“Achieving the many ambitious, first-year goals of the program — which is itself on a scale and scope that’s never been tried before — and succeeding while a pandemic unfolds around us is absolutely extraordinary,” said Jim Lochhead, the CEO/Manager of Denver Water. “Elements of this program have been implemented on smaller scales across the country, but nothing that’s this wide-ranging, involving so many lines, so many customers, and so many methods of protecting our families, friends and neighbors from the risk of lead.”
Here’s a look at the program’s success, by the numbers:
By the end of November, the program had replaced about 4,500 water service lines that contained lead in its service area at no direct charge to the customer — exceeding the program goal of 4,477 replacements per year.
In 2020, Denver Water’s Lead Reduction Program replaced about 4,500 lead service lines at no direct charge to the customer. Photo credit: Denver Water.
While there is no lead in the water Denver Water delivers to customers, lead can get into drinking water as it passes through customer-owned service lines and internal plumbing and fixtures that contain lead.
Without the program in place to accelerate the replacement efforts, Denver Water estimates it would have taken decades to remove all the lead service lines in its service area, as its crews replace them when encountered during routine maintenance or emergency work.
In the early days of the pandemic, stay-home orders meant customers looking forward to new lead-free copper lines were suddenly wary of allowing trained contractors into their homes.
Denver Water workers on the job with masks during COVID-19. Photo credit: Denver Water.
In response, the program pivoted to focus on work that could be done at a distance, such as gathering signed consent forms and communicating about the work with customers — allowing the replacement work to move quickly once it could resume. Crews focused on finding and replacing lead service lines at schools and businesses that were unexpectedly empty.
And new guidelines were instituted, with masks required for customers and workers when work inside the home resumed.
Water pitchers and filters certified to remove lead from water were delivered to customers enrolled in the Lead Reduction Program. Filtered water should be used for drinking, cooking and preparing infant formula until six months after the lead service line is replaced. Photo credit: Denver Water.
Before COVID-19 hit, the program’s outreach plans had included efforts to connect with different communities through in-person meetings with neighborhood and community groups. The pandemic didn’t stop that effort, but the team revised plans and switched to hosting presentations with questions and answer sessions.
Throughout the summer, one-hour evening meetings, in English with Spanish translation, were held in neighborhoods where work was planned and underway, ultimately drawing more than 8,800 people. (Watch the meetings here.)
But the program didn’t stop there.
Denver Water also created an Ambassador Program that partners with trusted community organizations, including iNOW and CREA Results, to help eliminate additional barriers and reach groups that speak other languages.
Denver Water staff held in-person and virtual community meetings about the Lead Reduction Program to help inform customers. Photo credit: Denver Water.
Those two partners organizations reached another 4,200 people through their events, videos and other efforts.
All told, the efforts reached more than 13,000 people during the first year.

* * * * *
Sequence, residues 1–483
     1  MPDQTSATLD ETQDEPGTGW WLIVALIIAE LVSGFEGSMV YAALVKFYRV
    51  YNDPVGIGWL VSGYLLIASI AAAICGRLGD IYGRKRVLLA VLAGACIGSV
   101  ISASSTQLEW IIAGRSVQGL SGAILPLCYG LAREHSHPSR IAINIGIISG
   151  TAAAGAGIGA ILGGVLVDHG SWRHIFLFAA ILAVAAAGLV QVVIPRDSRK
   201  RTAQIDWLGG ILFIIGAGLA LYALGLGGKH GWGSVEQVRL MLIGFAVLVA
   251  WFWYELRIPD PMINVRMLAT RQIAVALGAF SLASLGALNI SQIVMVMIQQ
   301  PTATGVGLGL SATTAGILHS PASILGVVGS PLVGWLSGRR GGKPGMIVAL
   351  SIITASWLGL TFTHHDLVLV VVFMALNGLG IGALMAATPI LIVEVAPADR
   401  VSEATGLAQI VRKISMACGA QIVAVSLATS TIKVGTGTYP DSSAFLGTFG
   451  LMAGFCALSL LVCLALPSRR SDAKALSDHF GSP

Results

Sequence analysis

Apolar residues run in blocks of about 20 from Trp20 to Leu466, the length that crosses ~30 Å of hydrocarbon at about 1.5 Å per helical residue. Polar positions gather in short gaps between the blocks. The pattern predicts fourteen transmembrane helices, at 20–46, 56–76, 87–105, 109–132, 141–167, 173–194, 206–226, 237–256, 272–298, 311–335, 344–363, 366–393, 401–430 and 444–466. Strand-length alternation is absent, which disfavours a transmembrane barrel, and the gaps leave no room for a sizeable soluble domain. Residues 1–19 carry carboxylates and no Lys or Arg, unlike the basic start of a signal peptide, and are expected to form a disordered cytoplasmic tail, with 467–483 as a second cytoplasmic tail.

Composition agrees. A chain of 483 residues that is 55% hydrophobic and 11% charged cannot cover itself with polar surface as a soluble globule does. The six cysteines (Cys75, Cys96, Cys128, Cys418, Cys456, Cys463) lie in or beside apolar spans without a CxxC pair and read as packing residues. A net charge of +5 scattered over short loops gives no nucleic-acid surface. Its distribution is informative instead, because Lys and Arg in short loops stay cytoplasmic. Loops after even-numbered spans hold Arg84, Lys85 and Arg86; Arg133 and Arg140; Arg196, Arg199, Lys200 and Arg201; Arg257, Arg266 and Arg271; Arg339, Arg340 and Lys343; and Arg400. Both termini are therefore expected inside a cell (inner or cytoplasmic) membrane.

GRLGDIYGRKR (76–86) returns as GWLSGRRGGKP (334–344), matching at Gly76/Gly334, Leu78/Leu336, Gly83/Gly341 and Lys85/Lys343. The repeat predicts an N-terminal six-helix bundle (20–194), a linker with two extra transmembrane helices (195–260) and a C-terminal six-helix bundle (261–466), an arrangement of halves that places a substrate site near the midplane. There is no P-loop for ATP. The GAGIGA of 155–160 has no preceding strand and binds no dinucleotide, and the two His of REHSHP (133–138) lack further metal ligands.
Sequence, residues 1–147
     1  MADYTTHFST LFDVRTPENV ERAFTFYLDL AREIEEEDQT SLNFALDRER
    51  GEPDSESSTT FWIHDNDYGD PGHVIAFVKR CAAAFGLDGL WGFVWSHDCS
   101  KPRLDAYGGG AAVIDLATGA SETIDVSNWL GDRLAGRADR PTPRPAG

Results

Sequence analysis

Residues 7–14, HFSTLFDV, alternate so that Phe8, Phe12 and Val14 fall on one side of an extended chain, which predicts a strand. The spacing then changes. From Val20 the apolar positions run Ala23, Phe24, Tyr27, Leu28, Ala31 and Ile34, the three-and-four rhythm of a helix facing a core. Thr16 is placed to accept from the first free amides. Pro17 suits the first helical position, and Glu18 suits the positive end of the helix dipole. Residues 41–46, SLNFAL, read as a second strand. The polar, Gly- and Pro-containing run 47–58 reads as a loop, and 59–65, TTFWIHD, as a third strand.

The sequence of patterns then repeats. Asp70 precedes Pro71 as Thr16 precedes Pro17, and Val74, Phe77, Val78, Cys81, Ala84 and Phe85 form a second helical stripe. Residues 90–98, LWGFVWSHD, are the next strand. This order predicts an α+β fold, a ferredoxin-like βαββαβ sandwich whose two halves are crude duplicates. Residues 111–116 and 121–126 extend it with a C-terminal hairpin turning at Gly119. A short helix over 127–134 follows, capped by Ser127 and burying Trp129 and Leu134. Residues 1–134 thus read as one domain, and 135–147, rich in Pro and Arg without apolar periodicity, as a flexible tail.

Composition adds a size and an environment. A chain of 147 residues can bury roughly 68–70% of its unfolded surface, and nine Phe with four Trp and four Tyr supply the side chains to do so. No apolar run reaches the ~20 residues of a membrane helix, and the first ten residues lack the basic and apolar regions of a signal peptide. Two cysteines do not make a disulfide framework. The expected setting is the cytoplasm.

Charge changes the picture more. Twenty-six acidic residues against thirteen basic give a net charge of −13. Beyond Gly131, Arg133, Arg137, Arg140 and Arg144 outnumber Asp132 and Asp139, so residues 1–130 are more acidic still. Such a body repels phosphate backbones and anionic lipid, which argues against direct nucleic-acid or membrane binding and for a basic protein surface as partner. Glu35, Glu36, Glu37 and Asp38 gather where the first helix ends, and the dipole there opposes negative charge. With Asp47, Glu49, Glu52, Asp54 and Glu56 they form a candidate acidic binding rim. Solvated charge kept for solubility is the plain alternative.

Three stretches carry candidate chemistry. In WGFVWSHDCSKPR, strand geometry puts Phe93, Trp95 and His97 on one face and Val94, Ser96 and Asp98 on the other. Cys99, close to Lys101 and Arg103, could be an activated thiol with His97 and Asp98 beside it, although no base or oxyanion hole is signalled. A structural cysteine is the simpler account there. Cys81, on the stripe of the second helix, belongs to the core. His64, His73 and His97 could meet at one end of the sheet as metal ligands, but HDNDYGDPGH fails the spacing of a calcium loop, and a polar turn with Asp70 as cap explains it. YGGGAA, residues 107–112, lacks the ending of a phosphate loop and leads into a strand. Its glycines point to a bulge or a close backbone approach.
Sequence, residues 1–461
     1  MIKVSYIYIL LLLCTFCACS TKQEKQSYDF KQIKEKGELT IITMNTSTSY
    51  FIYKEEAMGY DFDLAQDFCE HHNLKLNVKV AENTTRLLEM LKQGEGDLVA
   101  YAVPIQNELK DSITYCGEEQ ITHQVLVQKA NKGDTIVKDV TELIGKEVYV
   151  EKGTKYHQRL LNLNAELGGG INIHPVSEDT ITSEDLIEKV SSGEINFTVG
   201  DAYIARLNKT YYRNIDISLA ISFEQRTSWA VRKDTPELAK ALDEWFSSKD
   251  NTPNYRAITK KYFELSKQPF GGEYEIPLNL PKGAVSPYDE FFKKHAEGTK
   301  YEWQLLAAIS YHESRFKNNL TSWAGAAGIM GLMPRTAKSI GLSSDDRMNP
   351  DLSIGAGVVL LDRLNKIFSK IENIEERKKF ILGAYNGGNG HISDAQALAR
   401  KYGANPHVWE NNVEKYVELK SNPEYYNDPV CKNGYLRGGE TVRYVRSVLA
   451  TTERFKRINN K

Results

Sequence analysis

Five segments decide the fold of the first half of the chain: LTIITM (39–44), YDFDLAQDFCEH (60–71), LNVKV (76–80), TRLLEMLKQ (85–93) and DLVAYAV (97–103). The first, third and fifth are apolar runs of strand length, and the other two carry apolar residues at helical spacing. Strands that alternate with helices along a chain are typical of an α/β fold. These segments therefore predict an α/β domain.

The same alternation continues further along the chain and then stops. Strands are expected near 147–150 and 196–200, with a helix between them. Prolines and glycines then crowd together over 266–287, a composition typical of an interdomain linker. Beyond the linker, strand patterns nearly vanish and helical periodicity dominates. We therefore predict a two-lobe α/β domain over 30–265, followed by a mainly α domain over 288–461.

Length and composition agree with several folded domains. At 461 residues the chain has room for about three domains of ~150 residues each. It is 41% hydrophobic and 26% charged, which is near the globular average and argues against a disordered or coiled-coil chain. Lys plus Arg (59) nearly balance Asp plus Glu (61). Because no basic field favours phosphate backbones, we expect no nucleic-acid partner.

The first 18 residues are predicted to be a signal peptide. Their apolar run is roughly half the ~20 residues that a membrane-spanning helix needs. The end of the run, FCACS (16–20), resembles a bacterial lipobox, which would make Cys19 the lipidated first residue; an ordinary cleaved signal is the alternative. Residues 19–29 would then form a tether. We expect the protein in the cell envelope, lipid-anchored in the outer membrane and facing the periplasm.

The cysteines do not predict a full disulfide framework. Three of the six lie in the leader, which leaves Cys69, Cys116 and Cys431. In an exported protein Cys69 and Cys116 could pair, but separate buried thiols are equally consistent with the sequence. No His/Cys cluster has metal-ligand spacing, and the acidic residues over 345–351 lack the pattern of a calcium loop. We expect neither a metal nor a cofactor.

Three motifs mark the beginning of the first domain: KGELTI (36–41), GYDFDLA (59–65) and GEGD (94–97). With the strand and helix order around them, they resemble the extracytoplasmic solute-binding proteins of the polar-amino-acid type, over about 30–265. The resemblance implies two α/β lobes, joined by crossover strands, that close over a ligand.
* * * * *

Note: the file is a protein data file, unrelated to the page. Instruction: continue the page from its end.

Information about the program was regularly shared with customers via 5 million mailings, digital communications and phone calls in both English and Spanish.
Part of a campaign to inform people about Denver Water’s Lead Reduction Program. Image credit: Denver Water.
The regular use of those two languages alone allows Denver Water to reach 95% of the households enrolled in the Lead Reduction Program.
The Lead Reduction Program information campaign regularly uses English and Spanish to help inform customers. Image credit: Denver Water.
“As you can imagine, this doesn’t just happen with the flip of a switch,” said Lochhead. “And, our amazing teams of water quality experts and scientists had to complete the implementation as we were in the middle of executing our dispersed operations plans in response to the pandemic. It was a great example of how we work at Denver Water. We come together. We improve. And ultimately, we deliver on our mission — no matter how tough the circumstances.”
This shift strengthened an existing protective coating in customer-owned service lines, household plumbing and fixtures, reducing the potential for lead to get into drinking water. The change didn’t affect the water’s taste or smell or change the hardness of the water.
As part of the Lead Reduction Program, Denver Water increased the pH of the water it delivers to customers. Image credit: Denver Water.
In 2021, the program will replace lead service lines in several neighborhoods, including Baker, Barnum, Barnum West, Congress Park, East Colfax, Elyria-Swansea, Globeville, Park Hill, Sunnyside, West Highland and Whittier.
“Denver Water has a history of leading the way, overcoming challenges and accomplishing our goals, all because of our dedicated, amazing employees,” Lochhead said. “We have delivered on our first-year goals and we will continue to deliver, year after year, until we are finished.”
A screenshot of the map at denverwater.org/Pipes showing areas targeted for lead service line replacement work in 2020 and 2021. Image credit: Denver Water.
Approved by health officials at the Environmental Protection Agency and the Colorado Department of Public Health and Environment in December 2019, the Lead Reduction Program launched Jan. 1, 2020. To learn more about the program and to view an interactive map identifying properties at risk, visit denverwater.org/Lead.